Indeed, one might expect in the USA, where fees are so much higher than they are here, that there would be a higher proportion of people selling privately as the typical five per cent saving is significant. Yet the number of private sales has declined steadily from 20 per cent in 1987 to just 11 per cent today, half of which are ‘in-family’ transactions that would have happened anyway. And the statistics, based on a survey conducted by the NAR of some 7,800 sales, suggest that private sellers in the US typically achieve around 16 per cent less for their property than those sold using an estate agent.
Add to this the fact that vendors are the last people in the world who should be allowed to show their house to prospective buyers; their emotional attachment prevents effective negotiation and their lack of understanding of the psychological processes involved can kill a sale, and things begin to look pretty bleak for Mr DIY, especially if he still has a cheap board outside his property devaluing his home.
As I have long argued – people don’t buy ‘cheap’ – they buy perceived value. If you allow yourself to become a commodity then you only have yourself to blame when you lose an instruction to an online competitor. Now is the time to recognise the value in elevating your agency using personal boutique principles, as some hotels and indeed travel agents have embraced (I love my travel agent, Freddie at Dial-a-Flight, because he provides a reliable, flexible, informed and enjoyable experience that I simply cannot get through a cheaper online alternative).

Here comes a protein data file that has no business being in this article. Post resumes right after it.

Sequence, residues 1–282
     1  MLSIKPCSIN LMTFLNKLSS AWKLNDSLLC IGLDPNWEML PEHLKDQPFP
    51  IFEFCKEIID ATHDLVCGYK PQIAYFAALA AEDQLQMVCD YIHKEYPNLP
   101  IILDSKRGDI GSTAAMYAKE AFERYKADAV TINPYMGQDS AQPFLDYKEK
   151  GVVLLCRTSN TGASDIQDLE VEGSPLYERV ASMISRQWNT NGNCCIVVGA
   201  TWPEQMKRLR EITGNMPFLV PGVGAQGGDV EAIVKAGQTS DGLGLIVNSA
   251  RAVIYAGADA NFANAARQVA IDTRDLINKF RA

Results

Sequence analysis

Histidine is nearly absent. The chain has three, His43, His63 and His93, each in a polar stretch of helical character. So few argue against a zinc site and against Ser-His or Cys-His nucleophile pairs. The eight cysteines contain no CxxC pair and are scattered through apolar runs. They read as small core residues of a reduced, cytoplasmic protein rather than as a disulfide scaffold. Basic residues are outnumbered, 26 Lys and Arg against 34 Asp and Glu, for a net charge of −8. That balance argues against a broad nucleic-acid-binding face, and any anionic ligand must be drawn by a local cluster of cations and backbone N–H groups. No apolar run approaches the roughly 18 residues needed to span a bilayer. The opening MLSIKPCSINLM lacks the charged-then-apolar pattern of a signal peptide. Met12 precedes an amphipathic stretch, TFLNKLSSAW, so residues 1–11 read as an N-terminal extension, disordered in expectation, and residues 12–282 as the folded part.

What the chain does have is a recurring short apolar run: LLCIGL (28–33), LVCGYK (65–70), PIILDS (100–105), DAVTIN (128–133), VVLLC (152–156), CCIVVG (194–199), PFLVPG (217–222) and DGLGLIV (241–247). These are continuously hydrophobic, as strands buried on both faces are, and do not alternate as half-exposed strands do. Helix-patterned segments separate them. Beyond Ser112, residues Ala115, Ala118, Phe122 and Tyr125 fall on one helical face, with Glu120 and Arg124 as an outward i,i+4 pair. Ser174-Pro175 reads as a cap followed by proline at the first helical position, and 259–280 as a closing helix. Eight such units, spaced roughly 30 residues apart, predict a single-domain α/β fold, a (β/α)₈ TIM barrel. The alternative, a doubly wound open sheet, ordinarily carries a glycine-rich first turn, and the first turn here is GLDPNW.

If you adopt this approach you’ll also be able to charge higher fees (probably double your current rate) which is just as well if some of your prospective clients migrate to an online agent. But they’ll come back eventually – if your proposition is known to be attractive enough and people are talking about it! It’s all part of the evolution of our wonderful industry. But why wait until it actually happens – why not imagine it already has! Don’t let them drive you!
So you have to be remarkable; you have to be memorable; you have to be Tweetable! Only then will people flock to your door because everyone’s talking about you. If and when a two-tier system does take hold, it’s up to you to position yourself accordingly by creating real distinction and protecting and developing your market share… beautifully!
Do you agree with Richard? Join the debate! Send your views to the Editor: Sheila@propertydrum.com
Richard Rawlings is the current PROPERTYdrum Estate Agency Trainer of the Year, estate agency consultant and property journalist with over 20 years experience in helping estate and letting agents in the UK and overseas boost their market share by creating distinction and communicating it effectively. www.EstateAgencyInsight.co.uk